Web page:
The FDA issued a warning today urging consumers and restaurants to stop eating, serving or selling oysters from Estero El Cardon, in Baja California Sur, Mexico, because they have been directly linked to food poisoning victims.
Importers shipped the oysters to California, Nevada, New York, and Arizona, according to this afternoon’s public alert from the Food and Drug Administration. The implicated oysters were sold to wholesale distributors that sell directly to restaurants and not to grocery retail outlets. The estuary where the oysters were harvested is about 600 miles south of San Diego on the Baja Peninsula.
As of May 10, there had been 16 people across five states confirmed with infections, according to the most recent update from the Centers for Disease Control and Prevention. Twelve confirmed patients have tested positive for specific foodborne infections from various pathogens. Of those 12 patients, five tested positive for Shigella flexneri. Two patients have been admitted to hospitals.
Anyone who has eaten raw oysters, especially in California and experienced symptoms of foodborne illness should contact their healthcare providers and tell them about their possible exposure, according to FDA and CDC alerts. Public health investigators say raw oysters harvested from Estero El Cardon are a likely source of this outbreak, the CDC and FDA have reported.
“Restaurants and retailers should not serve oysters from the Estero El Cardon harvest area in Baja California Sur, Mexico. Restaurants and retailers should dispose of any products with harvest tags that indicate a growing area of Estero El Cardon by throwing them away,” today’s FDA notice says.
“. . . Laboratory analyses were used to confirm that reported clinical illnesses matched pathogens found in product samples and traceback information indicated the implicated shellfish were harvested from Estero El Cardon, in Baja California Sur, Mexico.”
Officials from the FDA are working with state investigators in U.S. states and officials in Mexico. On May 7 the Mexican government suspended oyster harvests in the implicated area.
The FDA is also working with Mexico’s health authorities, and state and local partners to verify the implicated oysters have been successfully removed from commerce and to ensure that the raw oysters were not further distributed.
Initial outbreak information
The CDC first reported on May 10 that the confirmed patients were from Alaska, California, Nevada, Illinois, and New Hampshire. The New Hampshire patient reported eating raw oysters in California.
In that initial outbreak announcement, the CDC also reported All 15 people who were interviewed reported eating raw oysters from different restaurants in California and Nevada. State health officials collected traceback information for 15 cases and found that oysters were shipped by Sol Azul, S.A. De C.V. (MX 01 SS) and harvested from the Estero El Cardon estuary.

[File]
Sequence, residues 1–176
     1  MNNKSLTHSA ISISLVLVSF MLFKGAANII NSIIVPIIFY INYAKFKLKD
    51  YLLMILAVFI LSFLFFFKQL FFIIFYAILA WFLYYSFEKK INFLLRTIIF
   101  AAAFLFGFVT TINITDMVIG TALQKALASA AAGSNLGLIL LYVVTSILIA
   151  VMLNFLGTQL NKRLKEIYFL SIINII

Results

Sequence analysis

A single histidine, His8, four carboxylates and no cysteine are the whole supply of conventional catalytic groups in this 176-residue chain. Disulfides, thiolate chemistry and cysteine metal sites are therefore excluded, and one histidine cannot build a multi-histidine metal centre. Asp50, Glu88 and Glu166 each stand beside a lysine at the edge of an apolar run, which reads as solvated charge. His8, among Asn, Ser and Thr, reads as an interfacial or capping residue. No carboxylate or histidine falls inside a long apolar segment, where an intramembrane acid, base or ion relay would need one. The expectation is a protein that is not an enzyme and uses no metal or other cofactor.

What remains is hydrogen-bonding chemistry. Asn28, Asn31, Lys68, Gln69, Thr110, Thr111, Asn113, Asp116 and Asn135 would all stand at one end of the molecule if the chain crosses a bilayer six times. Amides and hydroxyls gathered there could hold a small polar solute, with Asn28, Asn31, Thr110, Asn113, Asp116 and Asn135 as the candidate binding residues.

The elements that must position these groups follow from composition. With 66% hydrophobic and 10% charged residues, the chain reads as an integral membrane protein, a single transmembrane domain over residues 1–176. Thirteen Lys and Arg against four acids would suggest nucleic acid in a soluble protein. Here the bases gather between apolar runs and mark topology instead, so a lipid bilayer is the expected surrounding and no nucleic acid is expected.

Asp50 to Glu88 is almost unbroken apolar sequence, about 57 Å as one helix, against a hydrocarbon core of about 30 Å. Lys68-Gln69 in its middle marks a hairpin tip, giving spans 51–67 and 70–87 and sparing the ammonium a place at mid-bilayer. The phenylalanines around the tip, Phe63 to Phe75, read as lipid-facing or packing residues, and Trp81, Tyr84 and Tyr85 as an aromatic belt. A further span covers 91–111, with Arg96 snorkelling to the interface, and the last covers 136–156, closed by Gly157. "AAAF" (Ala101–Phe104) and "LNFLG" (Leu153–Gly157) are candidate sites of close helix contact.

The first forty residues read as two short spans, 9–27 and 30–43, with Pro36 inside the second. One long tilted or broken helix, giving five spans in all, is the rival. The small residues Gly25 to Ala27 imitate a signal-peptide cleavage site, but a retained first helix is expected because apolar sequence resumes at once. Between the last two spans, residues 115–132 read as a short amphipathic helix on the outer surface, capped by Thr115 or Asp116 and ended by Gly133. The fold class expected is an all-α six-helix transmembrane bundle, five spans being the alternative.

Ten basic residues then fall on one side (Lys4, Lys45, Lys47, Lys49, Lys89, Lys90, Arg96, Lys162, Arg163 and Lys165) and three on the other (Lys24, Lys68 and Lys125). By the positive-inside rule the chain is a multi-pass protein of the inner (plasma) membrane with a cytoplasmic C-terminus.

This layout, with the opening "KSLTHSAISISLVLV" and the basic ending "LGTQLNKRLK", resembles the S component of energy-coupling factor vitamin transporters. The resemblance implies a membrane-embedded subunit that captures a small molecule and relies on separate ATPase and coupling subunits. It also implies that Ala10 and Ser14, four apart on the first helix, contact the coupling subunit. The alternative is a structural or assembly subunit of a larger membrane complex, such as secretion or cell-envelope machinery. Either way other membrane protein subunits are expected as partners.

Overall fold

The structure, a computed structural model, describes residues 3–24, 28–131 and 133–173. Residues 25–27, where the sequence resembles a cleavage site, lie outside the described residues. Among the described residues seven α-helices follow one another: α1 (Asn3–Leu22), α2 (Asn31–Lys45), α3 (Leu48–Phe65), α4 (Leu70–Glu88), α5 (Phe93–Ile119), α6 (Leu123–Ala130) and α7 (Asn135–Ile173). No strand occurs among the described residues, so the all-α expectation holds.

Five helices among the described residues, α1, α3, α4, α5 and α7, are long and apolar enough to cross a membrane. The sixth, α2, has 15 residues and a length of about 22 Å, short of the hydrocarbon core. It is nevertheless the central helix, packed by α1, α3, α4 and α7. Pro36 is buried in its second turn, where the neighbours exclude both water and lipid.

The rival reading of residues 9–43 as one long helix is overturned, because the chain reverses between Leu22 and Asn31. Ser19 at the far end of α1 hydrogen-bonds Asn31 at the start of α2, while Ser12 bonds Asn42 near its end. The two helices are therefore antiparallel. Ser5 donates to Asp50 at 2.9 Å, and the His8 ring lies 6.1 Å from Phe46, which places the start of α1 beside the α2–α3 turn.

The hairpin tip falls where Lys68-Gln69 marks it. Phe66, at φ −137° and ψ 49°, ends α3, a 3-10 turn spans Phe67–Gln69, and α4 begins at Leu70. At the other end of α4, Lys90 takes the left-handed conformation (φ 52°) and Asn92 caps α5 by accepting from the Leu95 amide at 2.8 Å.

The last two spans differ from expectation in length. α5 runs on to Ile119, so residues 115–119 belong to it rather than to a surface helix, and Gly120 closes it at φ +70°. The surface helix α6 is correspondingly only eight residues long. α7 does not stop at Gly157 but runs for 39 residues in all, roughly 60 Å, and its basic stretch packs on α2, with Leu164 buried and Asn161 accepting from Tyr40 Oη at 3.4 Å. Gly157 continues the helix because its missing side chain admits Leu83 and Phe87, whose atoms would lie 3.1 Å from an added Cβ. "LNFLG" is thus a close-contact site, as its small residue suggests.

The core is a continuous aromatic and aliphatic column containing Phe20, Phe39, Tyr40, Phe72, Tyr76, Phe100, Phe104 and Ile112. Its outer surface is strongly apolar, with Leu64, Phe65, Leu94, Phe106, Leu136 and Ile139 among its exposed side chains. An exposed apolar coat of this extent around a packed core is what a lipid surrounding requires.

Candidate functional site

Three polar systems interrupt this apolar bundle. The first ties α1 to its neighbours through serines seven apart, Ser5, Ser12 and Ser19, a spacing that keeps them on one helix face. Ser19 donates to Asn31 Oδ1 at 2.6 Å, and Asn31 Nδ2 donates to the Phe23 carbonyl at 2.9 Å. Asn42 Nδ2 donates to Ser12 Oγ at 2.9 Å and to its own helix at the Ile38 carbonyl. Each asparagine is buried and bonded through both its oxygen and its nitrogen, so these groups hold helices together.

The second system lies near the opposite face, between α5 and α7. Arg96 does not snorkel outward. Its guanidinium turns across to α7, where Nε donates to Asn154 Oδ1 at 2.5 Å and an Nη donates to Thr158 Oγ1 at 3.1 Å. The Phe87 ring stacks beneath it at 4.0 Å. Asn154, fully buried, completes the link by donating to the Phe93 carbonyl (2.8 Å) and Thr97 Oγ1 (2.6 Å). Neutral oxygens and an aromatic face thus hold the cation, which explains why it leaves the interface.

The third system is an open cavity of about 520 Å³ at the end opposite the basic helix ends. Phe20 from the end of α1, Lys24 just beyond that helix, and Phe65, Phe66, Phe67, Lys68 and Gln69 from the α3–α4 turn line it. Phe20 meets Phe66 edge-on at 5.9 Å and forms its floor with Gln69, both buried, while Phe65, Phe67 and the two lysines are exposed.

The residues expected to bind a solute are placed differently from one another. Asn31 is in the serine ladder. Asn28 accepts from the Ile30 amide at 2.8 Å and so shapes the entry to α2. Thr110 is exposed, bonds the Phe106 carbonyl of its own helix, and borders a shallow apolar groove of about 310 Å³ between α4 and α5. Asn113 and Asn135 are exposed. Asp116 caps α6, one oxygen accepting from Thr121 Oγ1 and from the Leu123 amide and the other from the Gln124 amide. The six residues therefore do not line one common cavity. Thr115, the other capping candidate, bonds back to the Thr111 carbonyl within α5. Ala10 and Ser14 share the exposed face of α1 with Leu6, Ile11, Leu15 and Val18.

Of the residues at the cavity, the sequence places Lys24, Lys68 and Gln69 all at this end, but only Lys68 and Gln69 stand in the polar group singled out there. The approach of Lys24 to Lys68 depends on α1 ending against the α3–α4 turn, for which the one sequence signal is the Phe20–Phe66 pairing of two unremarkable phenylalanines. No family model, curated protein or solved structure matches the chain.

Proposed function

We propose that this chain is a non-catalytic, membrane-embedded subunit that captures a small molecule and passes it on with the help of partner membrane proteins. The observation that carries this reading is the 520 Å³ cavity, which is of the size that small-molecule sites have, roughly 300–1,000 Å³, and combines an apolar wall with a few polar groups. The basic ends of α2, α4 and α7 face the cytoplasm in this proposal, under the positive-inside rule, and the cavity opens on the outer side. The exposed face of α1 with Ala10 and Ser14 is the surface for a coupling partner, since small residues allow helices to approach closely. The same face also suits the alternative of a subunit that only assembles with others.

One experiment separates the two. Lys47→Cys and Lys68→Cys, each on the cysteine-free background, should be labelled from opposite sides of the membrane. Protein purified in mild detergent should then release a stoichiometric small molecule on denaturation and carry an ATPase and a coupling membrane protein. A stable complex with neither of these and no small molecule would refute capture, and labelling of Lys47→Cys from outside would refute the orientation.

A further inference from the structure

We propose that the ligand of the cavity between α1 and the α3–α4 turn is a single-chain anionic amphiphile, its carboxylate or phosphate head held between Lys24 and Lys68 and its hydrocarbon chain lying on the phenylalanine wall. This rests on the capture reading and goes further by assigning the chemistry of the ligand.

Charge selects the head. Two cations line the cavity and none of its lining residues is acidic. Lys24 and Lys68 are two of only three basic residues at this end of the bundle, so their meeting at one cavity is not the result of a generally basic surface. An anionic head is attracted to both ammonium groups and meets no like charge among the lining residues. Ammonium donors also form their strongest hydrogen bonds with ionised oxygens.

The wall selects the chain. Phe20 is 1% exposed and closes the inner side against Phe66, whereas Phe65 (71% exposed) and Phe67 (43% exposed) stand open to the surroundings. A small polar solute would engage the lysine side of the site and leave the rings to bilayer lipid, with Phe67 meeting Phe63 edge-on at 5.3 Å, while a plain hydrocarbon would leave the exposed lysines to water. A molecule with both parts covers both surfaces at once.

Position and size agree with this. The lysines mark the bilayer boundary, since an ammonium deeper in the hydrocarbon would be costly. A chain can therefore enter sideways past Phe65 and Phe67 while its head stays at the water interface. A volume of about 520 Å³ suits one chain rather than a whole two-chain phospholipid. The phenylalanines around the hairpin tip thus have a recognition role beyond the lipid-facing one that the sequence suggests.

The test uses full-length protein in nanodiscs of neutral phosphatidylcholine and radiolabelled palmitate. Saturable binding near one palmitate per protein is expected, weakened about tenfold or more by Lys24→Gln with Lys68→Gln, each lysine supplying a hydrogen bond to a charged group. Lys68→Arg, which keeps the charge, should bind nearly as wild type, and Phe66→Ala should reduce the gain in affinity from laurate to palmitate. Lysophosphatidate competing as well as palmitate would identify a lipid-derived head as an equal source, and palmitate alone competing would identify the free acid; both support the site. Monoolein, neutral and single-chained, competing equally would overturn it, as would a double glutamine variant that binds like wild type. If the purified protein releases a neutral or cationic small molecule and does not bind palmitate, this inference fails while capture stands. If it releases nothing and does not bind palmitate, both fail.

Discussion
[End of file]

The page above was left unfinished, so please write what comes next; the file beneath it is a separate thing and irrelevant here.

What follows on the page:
Illnesses started on dates ranging from Dec. 16, 2018, to April 17 this year. Among 15 people with information available, ages range from 26 to 80 years. Additional confirmed patients could be identified because of the lag time, which can take four or more weeks, between when a person becomes sick and when confirmed laboratory test results are provided to the CDC.
Symptoms of Shigella infection
Shigella is a bacterium that often spreads through unclean water that an infected person has been in. Food can become contaminated when handled by an infected person who did not use proper hand hygiene after going to the bathroom, or if contaminated water is used in the process of growing or preparing the food.
Symptoms of shigellosis generally develop within 8 hours to 2 days after exposure. It can become very serious in some cases. Severe cases can be treated with certain antibiotics. Symptoms of shigellosis may include watery stool that may have blood, pus, or mucus in it, vomiting, cramping, and fever. Young children, the elderly, and people with a weak immune system are more likely than others to develop severe illness.
Recommendations for retailers
The CDC and FDA have posted information for consumers and restaurant operators who have been in contact with the oysters in question. In the event that retailers and/or other foodservice operators are found to have handled recalled or other potentially contaminated food in their facilities, the CDC says they should:
- Contact their local health department and communicate with their customers regarding possible exposure to Shigella.
- Wash the inside walls and shelves of the refrigerator, cutting boards and countertops, and utensils that may have contacted contaminated foods; then sanitize them with a solution of one tablespoon of chlorine bleach to one gallon of hot water; then dry with a clean cloth or paper towel that has not been previously used.
- Wash and sanitize display cases and surfaces used to potentially store, serve, or prepare potentially contaminated foods.
- Retailers that have sold a bulk product should clean and sanitize the containers used to hold the product.
- Wash hands with warm water and soap following the cleaning and sanitation process.
The FDA notice says consumers who have experienced symptoms of illness after eating or handling raw oysters should consider reporting their illnesses to MedWatch: FDA’s Safety Information and Adverse Event Reporting Program. The FDA encourages consumers with questions about product safety to submit an inquiry or to visit www.fda.gov/fcic for additional information.